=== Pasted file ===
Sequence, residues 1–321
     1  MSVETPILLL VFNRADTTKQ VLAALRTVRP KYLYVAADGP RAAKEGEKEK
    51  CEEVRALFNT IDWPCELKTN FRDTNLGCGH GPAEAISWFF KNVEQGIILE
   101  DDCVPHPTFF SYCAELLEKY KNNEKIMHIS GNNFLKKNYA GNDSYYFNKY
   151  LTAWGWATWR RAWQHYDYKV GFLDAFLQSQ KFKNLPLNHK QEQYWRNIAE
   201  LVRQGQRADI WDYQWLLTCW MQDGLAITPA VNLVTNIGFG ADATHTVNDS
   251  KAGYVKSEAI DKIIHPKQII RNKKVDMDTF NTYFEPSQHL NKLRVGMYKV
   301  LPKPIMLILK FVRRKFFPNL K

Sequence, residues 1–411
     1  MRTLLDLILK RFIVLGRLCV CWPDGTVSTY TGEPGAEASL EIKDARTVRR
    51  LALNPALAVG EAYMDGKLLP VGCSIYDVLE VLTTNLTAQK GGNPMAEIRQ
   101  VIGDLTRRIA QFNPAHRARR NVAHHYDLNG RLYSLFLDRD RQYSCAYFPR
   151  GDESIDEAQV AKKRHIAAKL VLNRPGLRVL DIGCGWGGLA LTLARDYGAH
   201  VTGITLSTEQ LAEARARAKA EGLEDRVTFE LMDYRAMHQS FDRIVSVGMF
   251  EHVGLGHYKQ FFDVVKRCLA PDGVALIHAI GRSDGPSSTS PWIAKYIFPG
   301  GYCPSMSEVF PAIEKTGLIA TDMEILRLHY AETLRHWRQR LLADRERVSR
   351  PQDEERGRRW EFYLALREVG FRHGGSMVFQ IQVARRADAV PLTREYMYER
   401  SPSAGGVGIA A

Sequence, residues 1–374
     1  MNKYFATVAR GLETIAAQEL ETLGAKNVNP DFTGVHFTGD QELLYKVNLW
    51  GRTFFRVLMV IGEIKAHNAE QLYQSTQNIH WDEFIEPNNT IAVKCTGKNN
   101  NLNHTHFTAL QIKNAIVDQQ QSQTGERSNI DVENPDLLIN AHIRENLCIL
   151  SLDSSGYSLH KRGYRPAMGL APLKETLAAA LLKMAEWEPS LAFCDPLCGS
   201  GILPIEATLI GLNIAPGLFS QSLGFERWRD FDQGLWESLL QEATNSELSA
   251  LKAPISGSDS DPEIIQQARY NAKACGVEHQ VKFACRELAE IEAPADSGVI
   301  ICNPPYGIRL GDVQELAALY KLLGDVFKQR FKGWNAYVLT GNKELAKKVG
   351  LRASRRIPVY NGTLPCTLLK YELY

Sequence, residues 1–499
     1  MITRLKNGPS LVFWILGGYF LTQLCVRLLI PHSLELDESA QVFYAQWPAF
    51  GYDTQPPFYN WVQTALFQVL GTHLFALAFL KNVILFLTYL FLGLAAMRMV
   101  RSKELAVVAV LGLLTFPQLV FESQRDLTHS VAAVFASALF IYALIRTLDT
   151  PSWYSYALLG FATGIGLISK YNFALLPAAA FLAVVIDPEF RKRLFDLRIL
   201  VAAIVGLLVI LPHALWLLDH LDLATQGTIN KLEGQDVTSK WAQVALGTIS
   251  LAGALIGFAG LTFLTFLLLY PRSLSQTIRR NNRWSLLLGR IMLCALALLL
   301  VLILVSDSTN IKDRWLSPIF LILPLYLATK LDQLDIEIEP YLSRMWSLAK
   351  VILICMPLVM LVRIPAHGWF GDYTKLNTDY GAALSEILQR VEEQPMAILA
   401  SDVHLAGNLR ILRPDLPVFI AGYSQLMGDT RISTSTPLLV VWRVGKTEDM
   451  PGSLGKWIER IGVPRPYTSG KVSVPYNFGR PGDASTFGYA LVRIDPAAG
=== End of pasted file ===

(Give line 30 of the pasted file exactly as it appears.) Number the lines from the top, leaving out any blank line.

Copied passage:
    51  GYDTQPPFYN WVQTALFQVL GTHLFALAFL KNVILFLTYL FLGLAAMRMV